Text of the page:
Readers Respond to the March 2021 Issue

Your feedback on our coverage of polar bears, Juanita Moody and the U.S. Capitol Peace Monument

That’s Amore!

In a city that is riotous with people, cars and movement, the margherita pizza is the calm in the storm (“Pie Is a Constant”). Naples is as much of an ingredient as yeast or basil.

—D. Jelks | Louisiana

Arctic Ecology

Polar bears represent a livelihood for the people of Churchill (“The Ice Is Calling”) and they give us an indication of what is happening with our planet. I remember hearing 20 years ago how they were having issues catching seals because of a lack of sea ice and how they would terrorize Churchill looking for food. They took on the mantle of being a nuisance. I believe attitudes have changed.

— Sheila Smith | Covington, Tennessee

Cracking the Code

In “Cuba Confidential,” it is implied that during World War II a machine was custom-built to solve messages sent from Berlin to Tokyo using a “one-time pad.” A one-time pad (random key) produces an absolutely undecipherable message if used properly. The key, which is the length of the message, is used only once. In contrast, the Japanese ambassador to Germany, Hiroshi Oshima, sent encrypted messages from Berlin to Tokyo using the Japanese diplomatic code. This was known as “Purple” to U.S. cryptanalysts and it used a Type B cipher machine. It did not create a random key stream and thus was not a one-time pad generator. The U.S. did build a replica machine and that is presumably the machine the article was referring to.

—Iver Cooper | Arlington, Virginia

Thank you for revealing the significant work of Juanita Moody, the woman whose contributions to the security of our country have finally been brought to light.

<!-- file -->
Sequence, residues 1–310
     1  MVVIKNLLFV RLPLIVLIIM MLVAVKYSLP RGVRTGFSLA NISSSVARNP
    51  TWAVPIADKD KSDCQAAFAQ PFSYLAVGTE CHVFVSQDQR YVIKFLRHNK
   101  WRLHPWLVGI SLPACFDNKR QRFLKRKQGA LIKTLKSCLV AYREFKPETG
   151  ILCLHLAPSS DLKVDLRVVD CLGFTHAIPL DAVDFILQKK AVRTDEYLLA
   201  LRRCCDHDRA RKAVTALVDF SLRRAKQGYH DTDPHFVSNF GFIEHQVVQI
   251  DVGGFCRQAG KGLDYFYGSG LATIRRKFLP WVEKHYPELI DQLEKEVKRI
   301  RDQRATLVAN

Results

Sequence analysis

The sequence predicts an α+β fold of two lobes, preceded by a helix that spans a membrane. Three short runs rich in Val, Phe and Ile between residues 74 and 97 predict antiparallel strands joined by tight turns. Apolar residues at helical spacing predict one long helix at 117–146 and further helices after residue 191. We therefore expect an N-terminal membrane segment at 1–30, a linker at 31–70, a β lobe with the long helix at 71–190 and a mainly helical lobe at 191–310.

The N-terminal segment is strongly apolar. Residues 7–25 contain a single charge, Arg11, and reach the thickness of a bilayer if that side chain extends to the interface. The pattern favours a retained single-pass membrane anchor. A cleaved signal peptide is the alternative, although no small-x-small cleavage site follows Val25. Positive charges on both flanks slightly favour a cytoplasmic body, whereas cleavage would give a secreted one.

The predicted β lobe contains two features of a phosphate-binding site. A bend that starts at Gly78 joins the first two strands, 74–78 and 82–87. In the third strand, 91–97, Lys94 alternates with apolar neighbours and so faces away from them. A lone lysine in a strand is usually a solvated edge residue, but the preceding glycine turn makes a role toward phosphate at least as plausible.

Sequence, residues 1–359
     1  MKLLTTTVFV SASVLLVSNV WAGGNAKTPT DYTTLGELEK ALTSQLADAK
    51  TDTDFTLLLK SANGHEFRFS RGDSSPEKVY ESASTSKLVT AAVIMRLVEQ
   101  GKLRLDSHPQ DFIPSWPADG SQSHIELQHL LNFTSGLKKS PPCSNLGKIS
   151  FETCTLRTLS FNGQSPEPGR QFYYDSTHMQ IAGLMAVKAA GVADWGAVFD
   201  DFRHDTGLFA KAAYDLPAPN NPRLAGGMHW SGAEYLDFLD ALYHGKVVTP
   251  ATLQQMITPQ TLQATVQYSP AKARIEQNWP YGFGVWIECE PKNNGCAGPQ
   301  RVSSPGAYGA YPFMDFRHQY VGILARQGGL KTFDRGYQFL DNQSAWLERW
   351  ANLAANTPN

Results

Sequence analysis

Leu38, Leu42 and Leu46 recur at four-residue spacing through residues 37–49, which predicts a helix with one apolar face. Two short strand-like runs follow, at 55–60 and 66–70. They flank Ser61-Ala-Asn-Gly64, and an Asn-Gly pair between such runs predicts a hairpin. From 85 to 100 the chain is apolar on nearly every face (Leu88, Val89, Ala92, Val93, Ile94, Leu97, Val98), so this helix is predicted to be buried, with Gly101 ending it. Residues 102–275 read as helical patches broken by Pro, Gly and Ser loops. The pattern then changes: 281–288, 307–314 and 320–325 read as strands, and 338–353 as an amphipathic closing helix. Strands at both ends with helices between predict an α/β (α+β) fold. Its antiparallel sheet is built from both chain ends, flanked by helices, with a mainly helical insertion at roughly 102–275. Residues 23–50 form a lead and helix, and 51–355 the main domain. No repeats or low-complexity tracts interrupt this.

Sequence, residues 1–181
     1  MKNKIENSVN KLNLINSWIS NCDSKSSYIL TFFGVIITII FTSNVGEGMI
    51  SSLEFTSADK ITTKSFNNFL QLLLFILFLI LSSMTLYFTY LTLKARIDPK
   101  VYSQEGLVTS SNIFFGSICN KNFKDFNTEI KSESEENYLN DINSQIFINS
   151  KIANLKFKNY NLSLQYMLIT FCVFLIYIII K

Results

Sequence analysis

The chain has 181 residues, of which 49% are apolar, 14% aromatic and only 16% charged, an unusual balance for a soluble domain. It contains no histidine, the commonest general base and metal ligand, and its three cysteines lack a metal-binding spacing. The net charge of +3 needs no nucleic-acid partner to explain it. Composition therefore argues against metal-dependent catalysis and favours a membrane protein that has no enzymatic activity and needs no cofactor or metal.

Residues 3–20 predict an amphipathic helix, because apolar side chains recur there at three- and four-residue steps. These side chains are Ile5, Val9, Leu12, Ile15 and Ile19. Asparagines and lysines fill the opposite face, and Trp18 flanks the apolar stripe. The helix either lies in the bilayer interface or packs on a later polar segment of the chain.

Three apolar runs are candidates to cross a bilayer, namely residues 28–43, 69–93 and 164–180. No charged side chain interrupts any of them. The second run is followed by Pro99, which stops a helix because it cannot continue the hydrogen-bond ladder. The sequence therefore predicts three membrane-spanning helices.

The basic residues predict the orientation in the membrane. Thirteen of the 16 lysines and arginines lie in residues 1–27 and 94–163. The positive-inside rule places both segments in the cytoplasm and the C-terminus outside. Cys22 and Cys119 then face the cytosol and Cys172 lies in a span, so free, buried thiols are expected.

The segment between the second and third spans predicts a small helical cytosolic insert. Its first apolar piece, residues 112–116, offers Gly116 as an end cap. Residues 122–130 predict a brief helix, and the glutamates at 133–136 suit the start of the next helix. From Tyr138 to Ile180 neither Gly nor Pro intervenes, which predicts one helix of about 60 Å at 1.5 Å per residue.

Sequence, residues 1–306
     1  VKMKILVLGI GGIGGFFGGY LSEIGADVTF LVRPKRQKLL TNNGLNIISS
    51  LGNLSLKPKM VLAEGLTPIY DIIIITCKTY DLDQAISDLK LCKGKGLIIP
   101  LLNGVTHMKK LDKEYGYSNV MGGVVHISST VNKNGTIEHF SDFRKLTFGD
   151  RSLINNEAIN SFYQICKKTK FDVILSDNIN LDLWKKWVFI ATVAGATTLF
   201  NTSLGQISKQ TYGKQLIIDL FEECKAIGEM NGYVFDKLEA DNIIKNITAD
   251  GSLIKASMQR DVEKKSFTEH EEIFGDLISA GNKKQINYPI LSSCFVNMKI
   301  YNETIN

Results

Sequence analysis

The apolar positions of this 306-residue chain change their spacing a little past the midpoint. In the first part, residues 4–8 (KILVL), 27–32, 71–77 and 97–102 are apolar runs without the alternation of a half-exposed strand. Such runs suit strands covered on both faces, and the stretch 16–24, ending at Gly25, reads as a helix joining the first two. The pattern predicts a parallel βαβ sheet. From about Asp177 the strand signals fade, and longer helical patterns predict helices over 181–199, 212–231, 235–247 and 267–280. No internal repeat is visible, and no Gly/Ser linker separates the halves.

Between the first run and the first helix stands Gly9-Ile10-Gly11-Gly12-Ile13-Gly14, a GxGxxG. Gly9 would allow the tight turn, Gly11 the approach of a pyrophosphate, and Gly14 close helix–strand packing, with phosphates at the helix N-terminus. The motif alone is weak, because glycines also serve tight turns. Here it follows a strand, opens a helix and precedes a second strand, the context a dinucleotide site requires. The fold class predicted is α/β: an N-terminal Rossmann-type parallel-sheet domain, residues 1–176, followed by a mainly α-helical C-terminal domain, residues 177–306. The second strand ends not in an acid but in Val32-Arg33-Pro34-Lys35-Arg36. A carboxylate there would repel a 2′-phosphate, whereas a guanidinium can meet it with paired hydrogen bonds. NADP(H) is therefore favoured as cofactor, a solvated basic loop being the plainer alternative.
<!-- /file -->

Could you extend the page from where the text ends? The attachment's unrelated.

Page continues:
—Grace Hershman | Philadelphia

Made in China

As exciting as it was to find a photograph of the exquisite detail of Martha Washington’s dress (“The Secret Garden”), I was disappointed it wasn’t identified as hand-painted Chinese silk. During the 18th century, Chinese silks were prohibited for importation into European countries as competition to their textile industries. Because there was no silk industry in the United States, dozens of examples of hand-painted Chinese silk gowns have survived and can be found in American museum collections.

—Edward Maeder | Greenfield, Massachusetts

Keeping the Peace?

While Admiral Porter’s Peace Monument (“Tragic Figures”) seems artistically confusing, it has become absolutely apropos after the Capitol insurrection. All three faces of the figures have faded. The political bifurcation in the country is now so exacerbated, there is no more dove. Porter’s monument has aged perfectly as a symbol of American peace.

—Enrique Salas-Limon | San Juan Capistrano, Calif.

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This article is a selection from the April issue of Smithsonian magazine